In light of what is going on in the wee hours of the night this weekend, I need to take a small detour from Advent, but we’ll find our way back quite soon. We had two tax bills pass this week, that were written with such obscurity, that senators were voting without having fully read it, without the public being fully informed, and with financial reporting at places like Fortune magazine, saying it was potentially the largest wealth transfer in American history, from the poor and middle class to the super wealthy. As more reporting comes out this morning, this seems to be worse and worse. At a time in our religious life where we are focused on the teachings of the birth of hope for the poor, the weak, the hungry, the sick, lost and the refugee, our government is ensconcing the very opposite in our tax code. I’m heartsick. In biblical language, this is cause to don sackcloth and ashes, rather than garlands gay and singing; a time for less Fa La La, and more a time to seek communal repentance. It’s naked avarice, pure and simple.
I had a moment of fear, when I heard the news sometime around 1am Saturday morning. I was watching the feed live on Facebook. It means less protection for health services for our elderly, and our poor. Remember the health insurance for children I spoke about working on earlier in this sermon – that program costing about 15 billion nationally would be eliminated to give a 1.5 trillion dollar tax cut to corporations. It means a ballooning deficit. For my generation and the next, the impacts from our student loans will skyrocket. Practically no reputable economist disagrees – and that’s just from what we knew of prior to the 12th hour adjustments that were voted on without being reviewed. It’s more than a tax rewrite, it’s a massive rewriting of our cultural fabric, and I feared it was already too late. A colleague of mine, Rev. Dr. Michael Tino, a UU minister serving in another part of New York State, publicly reminded many of us, “Just so we’re clear on how a bill becomes a law, the disaster that passed the House has to be reconciled with the abomination that passed the Senate. Then the resulting horror will have to pass both chambers again. This fight isn’t over.” …“One day our generation is gonna rule the population.” How that looks, is going to depend on how we act, live, and grow in our everyday choices as we wait for the next day, and the next. Everyday choices.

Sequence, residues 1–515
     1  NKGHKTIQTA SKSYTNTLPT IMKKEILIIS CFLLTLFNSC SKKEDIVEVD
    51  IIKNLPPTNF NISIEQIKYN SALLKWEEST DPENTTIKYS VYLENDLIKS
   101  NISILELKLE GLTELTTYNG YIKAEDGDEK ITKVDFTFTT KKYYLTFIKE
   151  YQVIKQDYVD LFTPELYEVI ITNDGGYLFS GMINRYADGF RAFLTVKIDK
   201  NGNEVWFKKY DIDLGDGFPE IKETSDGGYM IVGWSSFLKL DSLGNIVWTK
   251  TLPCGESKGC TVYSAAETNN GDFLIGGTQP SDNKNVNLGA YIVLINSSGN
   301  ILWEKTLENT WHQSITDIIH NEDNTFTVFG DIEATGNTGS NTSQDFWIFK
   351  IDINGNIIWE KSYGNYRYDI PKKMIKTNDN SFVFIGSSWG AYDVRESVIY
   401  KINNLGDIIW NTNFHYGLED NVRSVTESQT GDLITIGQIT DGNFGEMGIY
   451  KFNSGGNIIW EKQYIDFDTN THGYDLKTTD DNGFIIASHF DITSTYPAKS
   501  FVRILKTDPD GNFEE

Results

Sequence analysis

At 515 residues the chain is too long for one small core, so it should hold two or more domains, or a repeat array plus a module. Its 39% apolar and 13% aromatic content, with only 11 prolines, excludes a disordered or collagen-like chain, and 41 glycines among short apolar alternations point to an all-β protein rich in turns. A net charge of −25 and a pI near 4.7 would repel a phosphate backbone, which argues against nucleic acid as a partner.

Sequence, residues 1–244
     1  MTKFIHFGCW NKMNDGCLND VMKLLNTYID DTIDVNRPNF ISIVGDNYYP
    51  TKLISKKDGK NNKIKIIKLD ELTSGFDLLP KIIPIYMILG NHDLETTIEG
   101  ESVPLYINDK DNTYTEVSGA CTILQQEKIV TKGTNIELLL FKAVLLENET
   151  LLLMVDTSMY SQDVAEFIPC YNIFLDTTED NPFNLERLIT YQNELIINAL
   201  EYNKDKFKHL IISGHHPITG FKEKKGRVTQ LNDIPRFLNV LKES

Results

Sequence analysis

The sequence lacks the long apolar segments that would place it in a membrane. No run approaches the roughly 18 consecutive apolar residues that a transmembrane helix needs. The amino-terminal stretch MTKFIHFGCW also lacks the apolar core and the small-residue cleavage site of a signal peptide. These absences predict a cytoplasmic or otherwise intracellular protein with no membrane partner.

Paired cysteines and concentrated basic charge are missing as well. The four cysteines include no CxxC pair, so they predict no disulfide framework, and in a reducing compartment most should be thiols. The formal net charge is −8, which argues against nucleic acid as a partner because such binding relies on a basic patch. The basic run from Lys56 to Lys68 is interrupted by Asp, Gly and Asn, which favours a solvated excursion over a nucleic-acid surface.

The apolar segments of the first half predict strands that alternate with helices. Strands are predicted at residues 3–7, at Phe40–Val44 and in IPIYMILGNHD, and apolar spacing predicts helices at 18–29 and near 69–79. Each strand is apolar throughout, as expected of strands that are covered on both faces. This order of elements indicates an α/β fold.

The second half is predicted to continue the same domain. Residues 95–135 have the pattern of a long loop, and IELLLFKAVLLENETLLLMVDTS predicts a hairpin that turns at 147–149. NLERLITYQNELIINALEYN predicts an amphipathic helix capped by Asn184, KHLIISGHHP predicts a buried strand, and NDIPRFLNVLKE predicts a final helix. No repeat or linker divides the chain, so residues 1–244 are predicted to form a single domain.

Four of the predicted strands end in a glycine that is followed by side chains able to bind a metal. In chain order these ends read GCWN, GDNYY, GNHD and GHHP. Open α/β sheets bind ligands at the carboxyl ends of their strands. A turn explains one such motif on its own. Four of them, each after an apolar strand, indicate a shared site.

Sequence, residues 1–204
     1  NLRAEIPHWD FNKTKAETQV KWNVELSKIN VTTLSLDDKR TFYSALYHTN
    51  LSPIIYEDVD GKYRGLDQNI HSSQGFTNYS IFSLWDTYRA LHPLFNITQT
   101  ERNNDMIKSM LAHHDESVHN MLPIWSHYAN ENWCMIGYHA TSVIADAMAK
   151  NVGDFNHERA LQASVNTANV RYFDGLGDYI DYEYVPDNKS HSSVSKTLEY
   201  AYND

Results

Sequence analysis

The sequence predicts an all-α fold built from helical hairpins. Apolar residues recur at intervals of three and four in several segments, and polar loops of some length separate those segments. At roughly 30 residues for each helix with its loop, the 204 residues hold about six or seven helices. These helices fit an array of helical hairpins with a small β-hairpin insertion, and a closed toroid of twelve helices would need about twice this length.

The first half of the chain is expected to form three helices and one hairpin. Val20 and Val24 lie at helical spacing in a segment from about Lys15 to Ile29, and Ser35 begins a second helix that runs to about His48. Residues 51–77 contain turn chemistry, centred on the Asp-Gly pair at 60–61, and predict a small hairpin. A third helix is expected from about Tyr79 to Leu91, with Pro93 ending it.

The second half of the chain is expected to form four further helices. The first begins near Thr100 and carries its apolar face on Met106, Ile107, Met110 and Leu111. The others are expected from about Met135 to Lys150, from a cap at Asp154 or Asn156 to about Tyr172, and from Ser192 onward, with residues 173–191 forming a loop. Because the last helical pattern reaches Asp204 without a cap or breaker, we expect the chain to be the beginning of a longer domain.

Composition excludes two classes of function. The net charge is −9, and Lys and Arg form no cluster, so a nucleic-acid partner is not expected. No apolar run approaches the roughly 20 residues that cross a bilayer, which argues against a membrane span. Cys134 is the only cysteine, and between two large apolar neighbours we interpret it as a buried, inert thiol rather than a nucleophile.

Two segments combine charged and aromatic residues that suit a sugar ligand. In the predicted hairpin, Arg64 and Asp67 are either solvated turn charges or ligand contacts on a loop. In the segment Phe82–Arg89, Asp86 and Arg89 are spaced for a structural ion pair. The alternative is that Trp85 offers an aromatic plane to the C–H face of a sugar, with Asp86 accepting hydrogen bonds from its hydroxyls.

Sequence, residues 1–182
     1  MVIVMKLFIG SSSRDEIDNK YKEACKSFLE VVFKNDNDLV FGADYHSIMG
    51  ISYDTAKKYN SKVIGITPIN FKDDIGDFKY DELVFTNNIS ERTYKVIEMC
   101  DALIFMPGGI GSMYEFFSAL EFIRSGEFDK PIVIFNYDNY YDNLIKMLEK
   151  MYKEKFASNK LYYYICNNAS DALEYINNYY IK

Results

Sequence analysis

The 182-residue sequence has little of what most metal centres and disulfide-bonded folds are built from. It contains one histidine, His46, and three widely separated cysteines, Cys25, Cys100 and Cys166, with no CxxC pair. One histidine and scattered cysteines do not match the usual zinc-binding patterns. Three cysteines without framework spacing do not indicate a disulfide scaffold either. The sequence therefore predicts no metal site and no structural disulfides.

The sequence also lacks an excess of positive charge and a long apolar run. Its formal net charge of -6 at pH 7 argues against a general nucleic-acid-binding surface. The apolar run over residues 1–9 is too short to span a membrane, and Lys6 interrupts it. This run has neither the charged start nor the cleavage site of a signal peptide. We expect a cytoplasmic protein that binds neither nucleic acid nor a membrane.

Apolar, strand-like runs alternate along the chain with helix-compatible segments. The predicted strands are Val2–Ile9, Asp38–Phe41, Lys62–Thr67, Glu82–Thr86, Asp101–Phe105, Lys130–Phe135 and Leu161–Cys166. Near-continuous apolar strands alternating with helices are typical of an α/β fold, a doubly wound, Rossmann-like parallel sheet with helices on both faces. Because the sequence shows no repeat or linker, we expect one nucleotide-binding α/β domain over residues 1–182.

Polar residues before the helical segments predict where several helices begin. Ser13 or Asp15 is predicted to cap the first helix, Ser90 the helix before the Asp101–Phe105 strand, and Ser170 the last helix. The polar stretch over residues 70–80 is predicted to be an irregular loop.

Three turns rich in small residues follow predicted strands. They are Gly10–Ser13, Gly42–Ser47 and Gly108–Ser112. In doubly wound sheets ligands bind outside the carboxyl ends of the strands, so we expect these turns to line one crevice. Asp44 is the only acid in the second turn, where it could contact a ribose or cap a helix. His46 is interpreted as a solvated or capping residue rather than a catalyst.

The choice for each of us, in this sacred season of waiting, is how will you be engaged? In our liminal spaces, where we are feeling stuck between what was, and what will be, we often understand waiting as a sort of passive, helpless state. Waiting with indifference may be that, but spiritually speaking, waiting can be a deeper path. Waiting can have a tenacious quality to it. In the Advent season, we are taught to tenaciously wait for the coming of the birth of the good news; that peace and justice will someday prevail. It’s not a possibility, but the end point in the Christian tradition, the culmination of the teachings of one of the world’s greatest teachers.
Joy and hope do not come to this world from positions of power, privilege or prestige. In the weeks to come, and the year to come, as we tenaciously wait for what will be – remember this advent season; remember that star over Bethlehem. When you are exhausted from the long road to wherever you are going, remember you are not alone on that road. If you’re trying to piece together a family of your own making, remember you are not alone on that road. If you’re struggling to make ends meet; to find that next job; to keep a roof over your head – remember you are not alone on that road. All these stories, all our stories, are in this great story of a helpless baby waiting for what would soon come.
And when you go back into the fuss and busyness of the frantic year – when you hear people say the poor deserve what they have – remember this story and know that message is false. When you hear people say, we shouldn’t be concerned about affordable places to live for others – remember this story and know that message is false. When you hear people say that a family should always look a certain way – remember this story and know that message is false. The kings and wise men of the world will come later to the creche, but the animals, the shepherds – the lowest among us – are the first to witness this night. Will you wait with me, tenaciously, and engaged?
And if engagement for you means organzing around this issue, let me know how I can help spread the word in our congregation. We have so many that work with our shelter, and supporting growing food for our town pantry, and for helping with immigrant accompaniment locally. Maybe that way of helping and leading is too much right now in your life. It takes all of us together to make a difference, and we can’t all do everything. But maybe organizing letter writing is a thing that you feel called to do. If that’s you, let me know, and we’ll move forward together. “One day our generation is gonna rule the population.” Everyday choices.